All motorcyclists want a long-lasting tire with loads of grip. Dual-compound hoops address this conundrum with the best available technology, but different wear rates can result in undesired tire shapes. What if we said that a tire manufacturer could increase longevity and preserve road-holding properties? Too good to be true, right? Well, Bridgestone reports that its new Techsyn project will deliver all those benefits in an eco-friendly tire.

In collaboration with synthetic rubber manufacturer Arlanxeo and leading Highly Dispersible Silica (HDS) producer Solvay, Bridgestone reports that the Techsyn family of tires will deliver “outstanding performance with no trade-offs”. The process will chemically fuse synthetic rubber with specially-formulated silica. That alchemy will result in a tire that’s 30 percent more wear-resistant, six percent less roll-resistant, and doesn’t sacrifice grip in dry or wet conditions.

By reducing material loss, Bridgestone concludes that Techsyn products will cut down fuel consumption and CO2 emissions. Though the Japanese brand conducted the studies against its summer tire options, Techsyn’s unique production model could yield a highly versatile product range. For instance, by tweaking the recipe of Arlanxeo’s novel tire polymers and Solvay’s silica formula, Techsyn could also develop a tire with enhanced wet grip.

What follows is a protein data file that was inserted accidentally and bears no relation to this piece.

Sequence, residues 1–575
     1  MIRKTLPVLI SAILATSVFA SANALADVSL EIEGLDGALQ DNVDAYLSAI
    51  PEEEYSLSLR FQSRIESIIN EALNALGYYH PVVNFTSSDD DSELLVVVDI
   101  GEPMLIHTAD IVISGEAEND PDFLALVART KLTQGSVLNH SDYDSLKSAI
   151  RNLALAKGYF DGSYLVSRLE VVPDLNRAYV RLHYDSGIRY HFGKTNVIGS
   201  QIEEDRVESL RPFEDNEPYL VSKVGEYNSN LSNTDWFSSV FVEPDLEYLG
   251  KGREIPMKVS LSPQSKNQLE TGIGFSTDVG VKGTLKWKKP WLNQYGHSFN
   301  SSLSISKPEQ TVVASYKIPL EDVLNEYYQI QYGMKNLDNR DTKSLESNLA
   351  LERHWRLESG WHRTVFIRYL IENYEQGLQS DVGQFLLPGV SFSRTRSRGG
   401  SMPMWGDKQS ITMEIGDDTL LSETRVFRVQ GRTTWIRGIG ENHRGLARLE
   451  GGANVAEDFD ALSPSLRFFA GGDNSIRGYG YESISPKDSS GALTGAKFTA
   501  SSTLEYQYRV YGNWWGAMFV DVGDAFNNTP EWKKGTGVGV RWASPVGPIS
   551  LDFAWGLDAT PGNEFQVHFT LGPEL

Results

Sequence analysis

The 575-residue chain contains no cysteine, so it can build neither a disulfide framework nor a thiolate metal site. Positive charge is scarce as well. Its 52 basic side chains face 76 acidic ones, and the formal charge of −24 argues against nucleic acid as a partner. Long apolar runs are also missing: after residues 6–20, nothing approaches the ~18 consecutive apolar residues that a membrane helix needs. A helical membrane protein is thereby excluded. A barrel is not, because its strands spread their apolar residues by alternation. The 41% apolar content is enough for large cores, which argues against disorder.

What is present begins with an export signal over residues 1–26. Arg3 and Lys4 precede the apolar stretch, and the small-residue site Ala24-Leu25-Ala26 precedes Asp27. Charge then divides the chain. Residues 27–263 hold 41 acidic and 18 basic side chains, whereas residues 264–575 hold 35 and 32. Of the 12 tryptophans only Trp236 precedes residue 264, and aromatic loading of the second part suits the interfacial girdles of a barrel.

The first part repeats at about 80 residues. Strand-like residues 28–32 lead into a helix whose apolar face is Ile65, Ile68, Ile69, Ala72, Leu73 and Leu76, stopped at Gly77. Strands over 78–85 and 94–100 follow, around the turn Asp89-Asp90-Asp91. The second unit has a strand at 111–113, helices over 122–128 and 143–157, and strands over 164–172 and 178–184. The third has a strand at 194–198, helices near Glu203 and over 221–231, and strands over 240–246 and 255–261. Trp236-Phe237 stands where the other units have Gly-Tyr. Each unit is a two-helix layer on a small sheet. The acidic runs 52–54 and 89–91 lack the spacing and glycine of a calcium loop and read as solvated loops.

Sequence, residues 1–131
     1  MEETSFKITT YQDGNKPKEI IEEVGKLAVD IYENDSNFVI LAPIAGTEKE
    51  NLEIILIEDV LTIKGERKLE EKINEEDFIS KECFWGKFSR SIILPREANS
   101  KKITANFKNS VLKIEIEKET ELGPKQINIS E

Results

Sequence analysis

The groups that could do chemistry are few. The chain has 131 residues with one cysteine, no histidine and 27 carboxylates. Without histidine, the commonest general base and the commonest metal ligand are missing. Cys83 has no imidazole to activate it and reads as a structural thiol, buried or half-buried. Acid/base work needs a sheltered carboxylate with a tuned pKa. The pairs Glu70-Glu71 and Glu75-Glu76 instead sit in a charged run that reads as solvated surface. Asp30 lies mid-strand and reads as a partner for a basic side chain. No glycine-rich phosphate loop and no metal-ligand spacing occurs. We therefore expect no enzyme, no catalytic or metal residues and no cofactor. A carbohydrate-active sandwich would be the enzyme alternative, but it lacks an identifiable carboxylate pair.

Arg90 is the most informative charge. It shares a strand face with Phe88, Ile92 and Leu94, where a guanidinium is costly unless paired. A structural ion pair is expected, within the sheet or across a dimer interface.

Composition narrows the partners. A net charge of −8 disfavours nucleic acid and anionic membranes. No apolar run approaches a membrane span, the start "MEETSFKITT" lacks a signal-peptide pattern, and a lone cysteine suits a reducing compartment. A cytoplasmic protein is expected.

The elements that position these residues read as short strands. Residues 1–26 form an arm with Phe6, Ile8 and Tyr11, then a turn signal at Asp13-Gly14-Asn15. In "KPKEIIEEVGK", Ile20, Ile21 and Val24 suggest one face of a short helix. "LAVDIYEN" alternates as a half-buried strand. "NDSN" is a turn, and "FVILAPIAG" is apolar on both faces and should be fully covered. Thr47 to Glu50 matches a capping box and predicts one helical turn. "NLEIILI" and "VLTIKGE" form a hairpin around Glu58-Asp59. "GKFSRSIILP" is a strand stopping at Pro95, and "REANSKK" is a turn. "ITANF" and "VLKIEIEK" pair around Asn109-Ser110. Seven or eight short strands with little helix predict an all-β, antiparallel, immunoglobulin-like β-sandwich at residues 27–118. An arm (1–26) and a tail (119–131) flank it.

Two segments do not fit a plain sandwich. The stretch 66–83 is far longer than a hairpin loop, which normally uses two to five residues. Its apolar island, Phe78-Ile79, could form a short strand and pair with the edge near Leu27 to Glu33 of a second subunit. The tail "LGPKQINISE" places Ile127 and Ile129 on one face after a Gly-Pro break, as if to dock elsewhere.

“At Bridgestone, we are convinced that breakthrough innovations and the future of mobility inevitably require collaboration,” said Bridgestone EMIA CEO Laurent Dartoux. “The partnership in which Techsyn is part has evolved to become one of the most original initiatives in which we have participated to date.”

While the Techsyn project hasn’t gone to market yet, we’re excited to see if and how the technology is applied to motorcycle tires. Bridgestone also hints that it could integrate lightweight Enliten technology to further reduce tire weight while maintaining performance. Now, that’s a motorcyclist’s dream tire. Of course, until the rubber meets the road, this is all theoretical. However, we’re excited for a potential tire that’s long-lasting, grips in all conditions, and still remains eco-friendly.

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